Friday, October 19, 2018
Lately my kids just want to make, create, think, read and do. Sure, they enjoy some TV here and there, but they are really turning into creative, self-driven people. I was thinking how with the freedom we have in our schedule and lifestyle, and their tendency toward making, they are becoming habituated to a kind of life that is very satisfying and purposeful and just the antithesis of passive. I have faith that this means they will never settle for a living that is dictated by others. They will either be entrepreneurs, artists, or self-directed professionals. Now that they know deep in their bones what it is to create and be curious, it will be far easier for them to recognize good work, good people, a good life. I'm feeling so thankful today.
Monday, July 2, 2018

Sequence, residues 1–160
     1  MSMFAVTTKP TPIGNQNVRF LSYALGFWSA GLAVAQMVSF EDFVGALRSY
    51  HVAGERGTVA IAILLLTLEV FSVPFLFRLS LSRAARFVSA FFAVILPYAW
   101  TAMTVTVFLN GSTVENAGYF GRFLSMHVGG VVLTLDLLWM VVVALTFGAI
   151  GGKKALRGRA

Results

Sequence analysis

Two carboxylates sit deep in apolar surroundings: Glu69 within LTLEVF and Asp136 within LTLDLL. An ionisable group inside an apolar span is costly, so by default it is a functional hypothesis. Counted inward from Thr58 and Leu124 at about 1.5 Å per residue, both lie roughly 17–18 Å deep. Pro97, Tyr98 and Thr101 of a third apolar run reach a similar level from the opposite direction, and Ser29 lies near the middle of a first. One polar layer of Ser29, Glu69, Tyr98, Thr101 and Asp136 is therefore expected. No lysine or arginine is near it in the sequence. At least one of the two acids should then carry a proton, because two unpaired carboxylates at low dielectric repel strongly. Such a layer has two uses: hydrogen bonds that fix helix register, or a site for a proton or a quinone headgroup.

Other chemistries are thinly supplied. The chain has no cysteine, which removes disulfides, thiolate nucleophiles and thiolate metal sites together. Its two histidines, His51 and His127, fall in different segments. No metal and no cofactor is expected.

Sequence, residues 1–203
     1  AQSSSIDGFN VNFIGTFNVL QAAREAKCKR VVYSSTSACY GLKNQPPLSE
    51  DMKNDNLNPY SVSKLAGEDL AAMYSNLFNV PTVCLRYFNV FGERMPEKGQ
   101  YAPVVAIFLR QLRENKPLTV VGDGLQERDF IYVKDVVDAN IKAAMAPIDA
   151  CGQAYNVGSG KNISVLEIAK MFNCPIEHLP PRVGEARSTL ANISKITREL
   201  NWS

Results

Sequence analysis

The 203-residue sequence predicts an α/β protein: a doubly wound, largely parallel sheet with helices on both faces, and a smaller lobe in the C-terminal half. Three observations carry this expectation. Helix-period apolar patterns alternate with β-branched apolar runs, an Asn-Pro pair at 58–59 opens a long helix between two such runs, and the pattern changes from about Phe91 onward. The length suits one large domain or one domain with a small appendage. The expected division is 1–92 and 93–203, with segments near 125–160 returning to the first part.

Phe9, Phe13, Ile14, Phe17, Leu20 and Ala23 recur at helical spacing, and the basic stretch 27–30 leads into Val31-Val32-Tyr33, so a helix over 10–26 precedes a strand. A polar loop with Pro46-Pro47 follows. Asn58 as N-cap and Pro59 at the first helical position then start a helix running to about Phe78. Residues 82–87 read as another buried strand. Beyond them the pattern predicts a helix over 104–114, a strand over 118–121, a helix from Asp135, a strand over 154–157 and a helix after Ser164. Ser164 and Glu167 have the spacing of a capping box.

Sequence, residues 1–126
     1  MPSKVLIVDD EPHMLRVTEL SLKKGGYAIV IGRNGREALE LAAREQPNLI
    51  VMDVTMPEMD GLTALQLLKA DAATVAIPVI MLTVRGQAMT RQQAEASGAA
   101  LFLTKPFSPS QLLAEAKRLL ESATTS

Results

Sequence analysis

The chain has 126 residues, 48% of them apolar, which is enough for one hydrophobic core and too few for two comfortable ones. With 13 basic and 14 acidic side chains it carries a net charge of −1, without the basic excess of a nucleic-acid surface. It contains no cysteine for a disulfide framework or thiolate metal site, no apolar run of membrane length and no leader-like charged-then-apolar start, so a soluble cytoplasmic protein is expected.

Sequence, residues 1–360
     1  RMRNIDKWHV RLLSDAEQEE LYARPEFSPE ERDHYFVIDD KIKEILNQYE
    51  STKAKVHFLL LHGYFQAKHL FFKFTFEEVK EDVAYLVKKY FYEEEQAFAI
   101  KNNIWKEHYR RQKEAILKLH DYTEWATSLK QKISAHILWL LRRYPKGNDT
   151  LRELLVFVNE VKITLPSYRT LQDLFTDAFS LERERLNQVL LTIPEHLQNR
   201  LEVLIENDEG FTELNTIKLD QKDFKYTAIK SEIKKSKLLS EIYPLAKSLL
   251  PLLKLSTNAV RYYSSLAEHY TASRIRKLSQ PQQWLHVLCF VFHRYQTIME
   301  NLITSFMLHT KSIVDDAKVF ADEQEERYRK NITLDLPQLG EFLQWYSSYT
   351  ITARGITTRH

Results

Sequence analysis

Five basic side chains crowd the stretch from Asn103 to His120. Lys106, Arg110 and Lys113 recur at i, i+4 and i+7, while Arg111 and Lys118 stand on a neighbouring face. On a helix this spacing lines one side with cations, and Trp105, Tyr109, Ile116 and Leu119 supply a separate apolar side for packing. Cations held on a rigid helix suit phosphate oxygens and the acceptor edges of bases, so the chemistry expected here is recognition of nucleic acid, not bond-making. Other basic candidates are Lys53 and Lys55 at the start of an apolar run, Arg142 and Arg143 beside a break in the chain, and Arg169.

For a young child—say, under the age of 10—sitting still inside an artificially lit building full of stale, climate-controlled air is not the natural condition, nor the ideal or healthy condition. Young children need a childhood. What does that mean to me, a homeschooler? Fresh air, tree climbing, mud-pie making, dam building, stick-boat racing, playing with friends, listening to a classic book under a tree, picking flowers, baking cookies with mama, putting on puppet shows, sleeping when their bodies are tired and eating when they are hungry. I could go on, as the wildness and sweetness and wonder of childhood can contain an uncountable number of such moments, but suffice it to say that conventional schooling does not permit children to have a childhood. Of course, academics and creativity and logic and philosophy and virtue matter deeply to me, which is precisely why children must be allowed a childhood—it is the very ground from which these mature fruits gain the energy to exist.